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|Place of origin||Japan|
|Main ingredients||Meat, vegetables, Tofu|
|Cookbook: Shabu-shabu Media: Shabu-shabu|
Shabu-shabu (しゃぶしゃぶ , also spelled syabu-syabu?) is a Japanese nabemono hotpot dish of thinly sliced meat and vegetables boiled in water. The term is onomatopoeia, derived from the sound emitted when the ingredients are stirred in the cooking pot and served with dipping sauces. The food is cooked piece by piece by the diner at the table. Shabu-shabu is considered to be more savory and less sweet than sukiyaki.
Shabu-Shabu was introduced in Japan in the 20th century with the opening of the restaurant "Suehiro" in Osaka, where the name was invented. Its origins are traced back to the Chinese hot pot known as instant-boiled mutton (Shuàn Yángròu). Shabu-Shabu is most similar to the original Chinese version when compared to other Japanese dishes (nabemono) such as sukiyaki. Suehiro registered the name as a trademark in 1955. Together with sukiyaki, Shabu-Shabu is a common dish in tourist hot-spots, especially in Tokyo, but also in local Japanese neighborhoods (colloquially called "Little Tokyos") in countries such as the United States and Canada.
The dish was originally made with thinly sliced beef, but some versions use pork, crab, chicken, lamb, duck, or lobster. Most often, ribeye steak is used, but less tender cuts, such as top sirloin, are also common. A more expensive meat, such as wagyū, may also be used. It is usually served with tofu and vegetables, including Chinese cabbage, chrysanthemum leaves, nori (edible seaweed), onions, carrots, shiitake mushrooms and enokitake mushrooms. In some places, udon, mochi or harusame noodles may also be served.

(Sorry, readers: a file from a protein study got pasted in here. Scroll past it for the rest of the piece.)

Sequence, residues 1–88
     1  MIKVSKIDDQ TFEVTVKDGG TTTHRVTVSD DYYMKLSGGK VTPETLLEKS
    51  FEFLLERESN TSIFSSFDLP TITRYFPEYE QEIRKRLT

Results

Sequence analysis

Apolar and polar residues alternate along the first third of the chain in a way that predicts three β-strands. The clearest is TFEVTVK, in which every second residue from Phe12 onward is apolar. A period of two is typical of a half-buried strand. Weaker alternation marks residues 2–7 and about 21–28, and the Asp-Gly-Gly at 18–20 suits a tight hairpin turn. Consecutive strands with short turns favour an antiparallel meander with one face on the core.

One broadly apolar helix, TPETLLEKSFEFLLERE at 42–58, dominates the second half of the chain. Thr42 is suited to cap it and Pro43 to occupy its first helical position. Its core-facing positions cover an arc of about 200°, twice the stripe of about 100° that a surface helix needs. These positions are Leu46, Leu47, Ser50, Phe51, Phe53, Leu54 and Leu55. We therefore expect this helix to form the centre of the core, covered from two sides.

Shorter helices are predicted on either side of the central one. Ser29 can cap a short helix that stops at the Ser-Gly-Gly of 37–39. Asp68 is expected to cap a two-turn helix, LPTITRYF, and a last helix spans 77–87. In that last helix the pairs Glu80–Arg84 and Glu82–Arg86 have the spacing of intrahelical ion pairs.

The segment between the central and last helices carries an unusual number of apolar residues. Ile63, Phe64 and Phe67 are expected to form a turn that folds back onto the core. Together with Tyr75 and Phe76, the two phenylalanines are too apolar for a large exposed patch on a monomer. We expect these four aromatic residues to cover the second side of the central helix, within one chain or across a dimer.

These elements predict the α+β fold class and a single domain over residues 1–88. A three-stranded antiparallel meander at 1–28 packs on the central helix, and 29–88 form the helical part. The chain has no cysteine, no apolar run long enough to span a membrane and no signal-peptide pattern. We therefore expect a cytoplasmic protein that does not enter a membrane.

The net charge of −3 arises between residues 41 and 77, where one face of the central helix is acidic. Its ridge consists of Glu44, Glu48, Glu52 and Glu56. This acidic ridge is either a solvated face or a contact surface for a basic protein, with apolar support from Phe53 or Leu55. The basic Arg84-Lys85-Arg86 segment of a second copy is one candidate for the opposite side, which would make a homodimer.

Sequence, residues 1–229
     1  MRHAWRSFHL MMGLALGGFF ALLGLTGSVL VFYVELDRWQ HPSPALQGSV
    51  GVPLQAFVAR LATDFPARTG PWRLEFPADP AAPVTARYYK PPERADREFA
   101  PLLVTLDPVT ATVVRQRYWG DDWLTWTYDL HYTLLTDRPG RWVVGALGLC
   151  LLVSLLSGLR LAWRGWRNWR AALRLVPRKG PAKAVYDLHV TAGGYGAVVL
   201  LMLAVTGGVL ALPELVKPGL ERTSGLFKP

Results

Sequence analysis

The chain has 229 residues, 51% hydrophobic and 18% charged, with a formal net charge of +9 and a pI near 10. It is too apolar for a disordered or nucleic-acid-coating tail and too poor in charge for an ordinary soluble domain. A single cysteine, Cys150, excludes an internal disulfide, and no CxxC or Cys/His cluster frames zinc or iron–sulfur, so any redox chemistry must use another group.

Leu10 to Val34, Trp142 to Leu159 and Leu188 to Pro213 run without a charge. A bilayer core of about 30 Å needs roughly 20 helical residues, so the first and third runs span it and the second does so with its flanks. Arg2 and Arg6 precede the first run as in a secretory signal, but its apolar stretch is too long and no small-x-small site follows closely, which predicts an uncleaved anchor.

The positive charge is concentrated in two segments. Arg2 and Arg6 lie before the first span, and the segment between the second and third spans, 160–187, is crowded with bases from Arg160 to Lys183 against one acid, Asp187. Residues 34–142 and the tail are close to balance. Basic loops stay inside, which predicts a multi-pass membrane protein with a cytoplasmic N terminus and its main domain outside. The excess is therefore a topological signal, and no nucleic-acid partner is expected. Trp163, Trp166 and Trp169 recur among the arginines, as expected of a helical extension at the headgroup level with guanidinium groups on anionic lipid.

The dish is prepared by submerging a thin slice of meat or a piece of vegetable in a pot of boiling water or dashi (broth) made with konbu (kelp) and stirring it. Cooked meat and vegetables are usually dipped in ponzu or goma (sesame seed) sauce before eating, and served with a bowl of steamed white rice. Once the meat and vegetables have been eaten, leftover broth from the pot is customarily combined with the remaining rice, and the resulting soup is usually eaten last.
Sauces and dippings
A number of sauces can be used to dip meats and vegetables when eating shabu-shabu. Normally, the raw meat is dipped into the hot stock for just a few seconds, as the pieces are sliced paper thin. Putting all meat into the pot in one go may result in overcooking the meat. There are a variety of sauces that can be used to dip the meat and vegetables, including ponzu sauce and sesame sauce. Restaurants usually provide soy sauce, sesame paste, ponzu sauce and several other condiment options such as spring onions and Japanese pickled carrots so that customers can make the sauce according to their own preferences.
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